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May 19, 2008
Banker and Tradesman
Lincoln Offers Artistic Solution To Criticism of Fort Point Plan
By Thomas Grillo,
A developer is offering three affordable artist lofts at its building in Boston’s Fort Point neighborhood, but residents are criticizing the plan.
Lincoln Property Co. wants to transform a pair of warehouses at 316-322 Summer St. into 140,000 square feet of office space with ground-floor retail and a rooftop addition. But at a public hearing in March, the proposal met with resistance from residents who said 87 condominiums and eight artist live/work units had been approved for the building under the previous owner. Archon/Goldman sold the building to Lincoln in December for $17.8 million.
Following the raucous public meeting and a story in Banker & Tradesman, Mayor Thomas M. Menino asked Lincoln to abandon the all-office proposal and add housing to the mix.
Since then, Lincoln has been negotiating with Studio Soto, a gallery/workspace for artists, to take 3,500 square feet at their Summer Street property. Under the proposal, the nonprofit group would occupy space on the lower level for $1 per square foot annually. But while praising the deal, city officials and some neighborhood representatives said it would not meet the housing need.
Lincoln recently met privately with several Fort Point neighbors to float the idea of three affordable artists lofts at the property, according to several sources.
In an e-mail, Paul Bernstein, president of the Fort Point Arts Community, a nonprofit artist organization, said he did not know who attended the session with Lincoln. He noted that about 20 invitees from the Fort Point neighborhood declined to attend the private meeting and have asked the Boston Redevelopment Authority to hold a public hearing on the plan.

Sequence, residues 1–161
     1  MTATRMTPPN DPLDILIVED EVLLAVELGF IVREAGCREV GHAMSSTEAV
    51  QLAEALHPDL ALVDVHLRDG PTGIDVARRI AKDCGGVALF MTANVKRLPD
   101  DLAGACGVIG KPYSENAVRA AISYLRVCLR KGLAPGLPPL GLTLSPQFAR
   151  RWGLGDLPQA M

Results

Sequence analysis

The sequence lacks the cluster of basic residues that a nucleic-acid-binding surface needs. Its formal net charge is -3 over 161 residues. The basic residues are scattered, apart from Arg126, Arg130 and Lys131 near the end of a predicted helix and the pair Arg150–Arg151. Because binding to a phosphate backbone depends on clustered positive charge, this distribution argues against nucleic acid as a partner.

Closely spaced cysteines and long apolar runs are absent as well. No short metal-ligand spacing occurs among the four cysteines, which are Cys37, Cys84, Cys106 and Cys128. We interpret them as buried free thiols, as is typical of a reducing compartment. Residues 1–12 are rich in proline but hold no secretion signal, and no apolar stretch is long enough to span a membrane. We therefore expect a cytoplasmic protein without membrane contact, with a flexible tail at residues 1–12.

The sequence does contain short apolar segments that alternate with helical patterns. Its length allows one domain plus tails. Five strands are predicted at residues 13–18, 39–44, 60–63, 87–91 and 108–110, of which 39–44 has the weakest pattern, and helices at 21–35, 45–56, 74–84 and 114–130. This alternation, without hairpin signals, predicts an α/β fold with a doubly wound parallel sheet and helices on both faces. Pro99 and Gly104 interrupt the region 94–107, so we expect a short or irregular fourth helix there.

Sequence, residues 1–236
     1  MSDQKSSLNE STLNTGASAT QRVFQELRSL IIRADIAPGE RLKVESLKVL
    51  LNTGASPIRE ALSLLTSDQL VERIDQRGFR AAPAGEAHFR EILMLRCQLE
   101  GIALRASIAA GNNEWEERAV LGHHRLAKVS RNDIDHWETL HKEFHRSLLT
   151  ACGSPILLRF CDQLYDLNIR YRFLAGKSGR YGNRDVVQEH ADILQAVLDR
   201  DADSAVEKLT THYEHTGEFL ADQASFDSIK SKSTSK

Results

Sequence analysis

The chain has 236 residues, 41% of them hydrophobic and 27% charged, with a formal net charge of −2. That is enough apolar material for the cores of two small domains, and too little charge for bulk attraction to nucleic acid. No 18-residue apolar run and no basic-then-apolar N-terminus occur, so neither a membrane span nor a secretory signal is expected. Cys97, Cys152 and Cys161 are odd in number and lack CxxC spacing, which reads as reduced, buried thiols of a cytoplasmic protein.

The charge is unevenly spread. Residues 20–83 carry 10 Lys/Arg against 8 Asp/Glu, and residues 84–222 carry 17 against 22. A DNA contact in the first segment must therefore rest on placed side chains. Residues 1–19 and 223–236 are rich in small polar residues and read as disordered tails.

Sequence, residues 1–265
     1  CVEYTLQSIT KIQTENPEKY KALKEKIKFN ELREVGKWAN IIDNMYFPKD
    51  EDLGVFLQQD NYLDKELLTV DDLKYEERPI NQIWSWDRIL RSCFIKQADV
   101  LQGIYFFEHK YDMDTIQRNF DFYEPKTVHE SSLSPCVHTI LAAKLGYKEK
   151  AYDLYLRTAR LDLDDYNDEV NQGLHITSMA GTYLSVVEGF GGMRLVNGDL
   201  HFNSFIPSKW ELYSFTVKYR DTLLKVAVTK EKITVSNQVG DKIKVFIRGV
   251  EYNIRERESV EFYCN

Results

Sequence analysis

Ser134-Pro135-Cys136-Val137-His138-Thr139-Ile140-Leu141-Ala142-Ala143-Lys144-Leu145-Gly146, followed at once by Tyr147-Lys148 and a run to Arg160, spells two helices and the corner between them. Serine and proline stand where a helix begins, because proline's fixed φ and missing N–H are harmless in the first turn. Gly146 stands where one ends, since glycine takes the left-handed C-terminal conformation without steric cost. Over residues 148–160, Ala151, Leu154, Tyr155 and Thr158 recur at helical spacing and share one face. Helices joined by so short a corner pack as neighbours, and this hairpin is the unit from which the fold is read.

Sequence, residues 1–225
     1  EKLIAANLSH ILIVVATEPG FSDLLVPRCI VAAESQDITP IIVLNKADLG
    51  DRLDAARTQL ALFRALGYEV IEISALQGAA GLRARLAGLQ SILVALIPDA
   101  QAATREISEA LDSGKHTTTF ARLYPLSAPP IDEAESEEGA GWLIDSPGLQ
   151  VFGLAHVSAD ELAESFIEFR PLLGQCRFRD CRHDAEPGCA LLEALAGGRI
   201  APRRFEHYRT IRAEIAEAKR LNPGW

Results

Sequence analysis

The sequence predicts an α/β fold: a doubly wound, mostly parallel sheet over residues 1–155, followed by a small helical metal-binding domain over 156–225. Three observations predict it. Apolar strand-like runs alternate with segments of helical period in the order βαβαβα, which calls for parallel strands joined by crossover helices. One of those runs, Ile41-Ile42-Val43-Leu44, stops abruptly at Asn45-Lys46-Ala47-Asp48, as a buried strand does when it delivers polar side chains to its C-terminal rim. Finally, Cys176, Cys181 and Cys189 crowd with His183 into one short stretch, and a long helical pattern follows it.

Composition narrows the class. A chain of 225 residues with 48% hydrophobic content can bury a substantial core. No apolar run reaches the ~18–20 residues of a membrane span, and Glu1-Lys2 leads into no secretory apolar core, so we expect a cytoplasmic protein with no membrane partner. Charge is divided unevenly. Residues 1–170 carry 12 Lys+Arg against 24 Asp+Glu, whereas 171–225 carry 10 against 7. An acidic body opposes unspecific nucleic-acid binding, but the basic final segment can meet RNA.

“A public meeting would allow the community to review any changes to the project as a whole, rather than as a semi-private group,” Bernstein said.
While Bernstein declined to comment on Lincoln’s latest idea, one longtime resident, who spoke on the condition of anonymity, said three housing units are not enough.
“While Lincoln’s plan is interesting, it has not been embraced by the community or by artists because the number of units are too few and they are located in the rear of the building in an area that would have been used for storage,” the resident said. “Many residents did not attend the Lincoln meeting because there was a concern that they were being positioned into accepting this meager offering. Many of us believed it was not appropriate to work out a private deal.”
John Cappellano, Lincoln’s senior vice president, declined to comment.
Kairos Shen, the Boston Redevelopment Authority’s chief planner, told Banker & Tradesman that the city plans to hold public hearings on the latest version of the plan. Dates had not been selected at press time.
John F. Palmieri, director of the BRA, has said that the agency is reviewing the planning and policy issues raised by residents.
“Our goal is to make sure that there’s the right mix of development, and the first few projects are almost exclusively commercial,” Palmieri said in March. “So we are step-ping back to evaluate our practices and see what we can do to encourage property owners to take a hard look at residential.”
The city’s 100 Acres Master Planning vision for the Fort Point District, issued in 1999 to guide development, promised “a vibrant 24-hour, mixed-use neighborhood anchored by 11 acres of new open space [and] 6 million square feet of development, with at least one-third as housing.” The plan was the result of a five-year collaboration among residents, property owners and government agencies. About 1,200 units have been built if the adjacent South Boston neighborhood is included in the tally, according to the BRA.
(c)2008 The Warren Group Inc., 280 Summer Street, Boston, MA 02210. All rights reserved.
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